Scaredy-cat cougars frightened into killing more prey
While the sharp teeth and dagger-like claws of cougars scare us, it turns out we scare the massive cats even more. Just the sound of a human voice puts these fraidy-cats off their dinner.
Dr. Liana Zanette is a biology professor at Western University. She and colleagues at Western, working with researchers from the University of California Santa Cruz to gauge how the predators respond to played sounds of people talking or frogs chirping as a control.
Videos show cougars, also called mountain lions and pumas, high-tailing it away from their kills as soon as they hear a human voice.
"They perceive us predators and there are ecological consequences," Zanette said. "They stop feeding."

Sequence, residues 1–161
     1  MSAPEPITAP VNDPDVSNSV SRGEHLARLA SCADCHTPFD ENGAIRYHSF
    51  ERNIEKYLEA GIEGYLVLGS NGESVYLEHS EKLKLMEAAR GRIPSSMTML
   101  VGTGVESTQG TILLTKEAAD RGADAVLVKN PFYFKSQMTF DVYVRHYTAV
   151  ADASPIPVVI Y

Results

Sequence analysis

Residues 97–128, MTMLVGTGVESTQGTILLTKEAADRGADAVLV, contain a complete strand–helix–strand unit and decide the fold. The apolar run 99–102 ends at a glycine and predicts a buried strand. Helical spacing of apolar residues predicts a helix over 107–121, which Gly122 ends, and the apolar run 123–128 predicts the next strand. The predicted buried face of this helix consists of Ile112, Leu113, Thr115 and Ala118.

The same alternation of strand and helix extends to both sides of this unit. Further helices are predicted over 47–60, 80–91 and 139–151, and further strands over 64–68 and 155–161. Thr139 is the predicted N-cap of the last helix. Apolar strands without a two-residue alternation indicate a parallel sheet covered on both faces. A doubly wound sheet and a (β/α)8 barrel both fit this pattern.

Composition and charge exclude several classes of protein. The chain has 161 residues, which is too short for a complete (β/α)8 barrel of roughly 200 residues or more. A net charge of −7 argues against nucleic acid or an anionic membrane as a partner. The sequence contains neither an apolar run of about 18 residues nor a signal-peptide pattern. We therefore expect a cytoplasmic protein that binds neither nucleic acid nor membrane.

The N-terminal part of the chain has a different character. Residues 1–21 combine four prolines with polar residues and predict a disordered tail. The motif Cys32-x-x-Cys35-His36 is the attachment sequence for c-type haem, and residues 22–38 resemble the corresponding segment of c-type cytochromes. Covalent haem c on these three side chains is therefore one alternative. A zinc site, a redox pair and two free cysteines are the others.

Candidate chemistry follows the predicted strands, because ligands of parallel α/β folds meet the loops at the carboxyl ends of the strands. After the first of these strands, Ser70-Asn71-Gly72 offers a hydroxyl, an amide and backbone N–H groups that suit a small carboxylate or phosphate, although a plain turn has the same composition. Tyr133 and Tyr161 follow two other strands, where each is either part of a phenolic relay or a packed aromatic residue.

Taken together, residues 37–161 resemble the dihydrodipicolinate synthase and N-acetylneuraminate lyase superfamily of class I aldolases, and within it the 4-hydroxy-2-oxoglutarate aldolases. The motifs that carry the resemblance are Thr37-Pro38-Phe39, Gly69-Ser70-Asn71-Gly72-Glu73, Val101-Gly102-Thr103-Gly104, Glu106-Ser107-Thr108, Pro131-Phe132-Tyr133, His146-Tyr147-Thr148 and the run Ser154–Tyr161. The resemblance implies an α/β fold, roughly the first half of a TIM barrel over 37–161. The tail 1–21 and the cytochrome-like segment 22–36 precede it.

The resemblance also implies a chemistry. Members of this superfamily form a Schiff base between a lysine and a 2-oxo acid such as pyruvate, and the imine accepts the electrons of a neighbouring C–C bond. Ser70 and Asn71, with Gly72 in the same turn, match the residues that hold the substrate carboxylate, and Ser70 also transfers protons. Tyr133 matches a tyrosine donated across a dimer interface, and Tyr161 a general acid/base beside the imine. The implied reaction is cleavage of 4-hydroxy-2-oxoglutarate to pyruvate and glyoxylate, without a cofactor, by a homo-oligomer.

The researchers found cougars fed on their deer dinners for half as long after hearing humans than when they hear neutral frog calls. But because they abandoned their kills - they had to go and kill more prey to ensure they received enough food.
"They're feeding less so they have to kill more because people are scaring them off their caches. And we know that responses of middle- of-the-food-chain animals to their predators has effects further along the food chain and that is certainly the case for deer."
The findings reflect just how scary we human "super predators" are to cougar predators, the researchers say. Humans kill carnivores as much as nine times their natural predators do.
But people also tolerate large carnivores all over the world, Zanette said. What the fear response means for large carnivores still needs to be sorted out as people and predators overcome their tension in increasingly human-dominated landscapes.